The Nashville community with Bishop Mark Spalding. Courtesy of Meghan Isaacs.

Living With Fullness

After attending her community's annual memorial mass for Msgr. Luigi Giussani, Meghan reflects on what the Movement means for her own life and that of her newborn son.

On March 2, Bishop Mark Spalding of Nashville celebrated the annual memorial mass for Fr. Luigi Giussani with the local Communion and Liberation community. We were moved that he took time out of his busy schedule to celebrate mass for fifteen people and to join us afterward for lunch. Though he knew little about the Movement, he was clearly happy to see the Church alive among young people (most of our community members qualify as Millennials). In fact, he extended a standing offer to celebrate the memorial mass for us every year. His presence with us was truly that of a shepherd and a real sign of Christ present in the magisterium of the Church.

Bishop Spalding left us with a strong call to evangelization, convinced we had something to offer the Church in Nashville. “Keep inviting people to your group!” he implored. Yet for me, this call to evangelization was challenging. As a first-time mom, even making it out of the house and to the mass with my six-week-old baby seemed an olympic feat. These days our family seems to be constantly in pure “survival mode.” What is more frustrating, however, is that conversations with other parents, coworkers, friends, etc. encourage it. We hear over and over, “It will get better,” and jokes about how we’ll sleep again and resume life when our son turns eighteen. So many of our peers also accept living in survival mode, and together we look forward to restarting “real life” when the kids are all grown. This is fine for small talk, but my desire (and my husband’s) is much greater than to simply survive. Instead, we long to live these days—chaotic and tiring as they may be—with fullness, aware of the Mystery working in our lives, and we desire the same for our son. The mass celebrating the life of Fr. Giussani and the history of the Movement was a concrete reminder that this history is for my son, too. I saw a place where I am accompanied and a relationship from which I can begin again each day. I saw that there is Someone who meets my desire now. I understood that the primary task of evangelization (of whom the first recipient is my son) is not to postpone my desires or to settle for survival mode.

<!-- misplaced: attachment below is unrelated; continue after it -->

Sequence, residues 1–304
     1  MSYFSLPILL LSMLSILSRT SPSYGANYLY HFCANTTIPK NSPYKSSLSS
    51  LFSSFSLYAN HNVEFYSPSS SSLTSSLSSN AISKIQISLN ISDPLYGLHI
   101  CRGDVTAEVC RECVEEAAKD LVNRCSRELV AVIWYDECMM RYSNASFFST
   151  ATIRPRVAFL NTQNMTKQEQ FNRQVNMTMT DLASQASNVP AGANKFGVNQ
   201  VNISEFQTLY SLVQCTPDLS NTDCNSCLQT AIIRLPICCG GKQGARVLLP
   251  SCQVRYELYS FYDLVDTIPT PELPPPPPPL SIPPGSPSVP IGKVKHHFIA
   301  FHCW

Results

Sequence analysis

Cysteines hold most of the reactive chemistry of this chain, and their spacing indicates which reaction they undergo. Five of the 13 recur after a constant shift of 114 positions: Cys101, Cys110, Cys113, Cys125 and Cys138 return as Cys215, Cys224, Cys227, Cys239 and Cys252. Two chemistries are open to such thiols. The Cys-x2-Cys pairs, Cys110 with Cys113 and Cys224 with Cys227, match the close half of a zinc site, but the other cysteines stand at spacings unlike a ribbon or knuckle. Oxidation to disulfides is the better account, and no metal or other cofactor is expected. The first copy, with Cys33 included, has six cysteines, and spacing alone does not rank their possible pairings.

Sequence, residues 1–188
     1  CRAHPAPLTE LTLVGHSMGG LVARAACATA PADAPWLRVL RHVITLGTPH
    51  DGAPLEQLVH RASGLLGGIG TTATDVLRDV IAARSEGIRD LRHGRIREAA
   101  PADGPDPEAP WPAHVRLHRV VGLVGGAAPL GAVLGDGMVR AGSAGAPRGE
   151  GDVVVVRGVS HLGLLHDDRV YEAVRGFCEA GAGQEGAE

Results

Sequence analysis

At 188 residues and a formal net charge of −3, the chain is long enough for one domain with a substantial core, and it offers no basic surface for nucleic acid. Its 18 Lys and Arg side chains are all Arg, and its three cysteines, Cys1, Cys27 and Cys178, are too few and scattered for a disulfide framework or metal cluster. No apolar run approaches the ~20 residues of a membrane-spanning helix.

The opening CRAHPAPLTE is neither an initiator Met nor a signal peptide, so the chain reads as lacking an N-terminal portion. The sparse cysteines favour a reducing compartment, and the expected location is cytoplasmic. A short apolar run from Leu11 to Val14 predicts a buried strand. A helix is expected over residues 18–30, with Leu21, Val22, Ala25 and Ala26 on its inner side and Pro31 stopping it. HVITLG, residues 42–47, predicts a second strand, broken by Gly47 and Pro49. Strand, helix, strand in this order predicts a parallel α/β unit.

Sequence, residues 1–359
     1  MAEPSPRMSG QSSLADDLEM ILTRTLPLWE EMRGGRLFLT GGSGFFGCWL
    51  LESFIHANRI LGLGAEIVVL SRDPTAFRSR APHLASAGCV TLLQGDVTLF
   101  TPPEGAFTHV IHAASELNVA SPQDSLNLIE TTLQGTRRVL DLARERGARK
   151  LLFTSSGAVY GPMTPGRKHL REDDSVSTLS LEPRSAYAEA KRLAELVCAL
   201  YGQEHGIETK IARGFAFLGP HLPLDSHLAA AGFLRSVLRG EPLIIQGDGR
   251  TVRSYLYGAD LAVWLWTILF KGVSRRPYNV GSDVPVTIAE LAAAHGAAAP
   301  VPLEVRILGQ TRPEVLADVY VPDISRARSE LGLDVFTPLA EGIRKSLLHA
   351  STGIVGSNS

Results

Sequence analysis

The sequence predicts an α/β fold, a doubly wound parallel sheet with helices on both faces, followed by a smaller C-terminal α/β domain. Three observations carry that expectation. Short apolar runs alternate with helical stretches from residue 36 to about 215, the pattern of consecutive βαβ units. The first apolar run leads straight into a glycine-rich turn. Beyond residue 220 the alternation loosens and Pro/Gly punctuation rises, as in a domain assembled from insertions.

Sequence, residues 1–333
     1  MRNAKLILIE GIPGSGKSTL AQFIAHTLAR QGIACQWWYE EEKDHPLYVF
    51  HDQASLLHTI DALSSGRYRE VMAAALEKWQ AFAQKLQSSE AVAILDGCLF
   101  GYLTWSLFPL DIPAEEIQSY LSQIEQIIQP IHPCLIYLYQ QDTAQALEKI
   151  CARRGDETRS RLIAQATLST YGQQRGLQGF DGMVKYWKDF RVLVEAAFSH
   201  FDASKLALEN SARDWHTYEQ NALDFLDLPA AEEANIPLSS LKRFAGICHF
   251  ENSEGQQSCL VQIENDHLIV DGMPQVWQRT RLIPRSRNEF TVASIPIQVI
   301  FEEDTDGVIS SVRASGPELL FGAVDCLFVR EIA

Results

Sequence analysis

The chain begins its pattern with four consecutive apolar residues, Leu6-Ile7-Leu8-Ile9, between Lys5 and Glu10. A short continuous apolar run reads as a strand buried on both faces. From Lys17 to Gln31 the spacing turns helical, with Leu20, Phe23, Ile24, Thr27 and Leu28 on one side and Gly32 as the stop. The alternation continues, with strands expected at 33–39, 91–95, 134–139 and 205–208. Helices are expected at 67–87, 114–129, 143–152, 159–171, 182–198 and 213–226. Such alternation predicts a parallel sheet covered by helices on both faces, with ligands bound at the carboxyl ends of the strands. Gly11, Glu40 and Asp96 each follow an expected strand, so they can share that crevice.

In the end, the most beautiful part of the day for me was being there with our newborn son. I was struck by the impossibility that he would grow up in Tennessee in the 21st century within this history begun by Fr. Giussani across the ocean over fifty years ago. Yet there we were, singing “Povera Voce” in the chapel with our community. I was left awestruck, wondering, “Who am I to be entrusted with this child?” His existence is a fact—a miracle—that cannot be measured by my willingness or ability to do anything.

Meghan, Tennessee, USA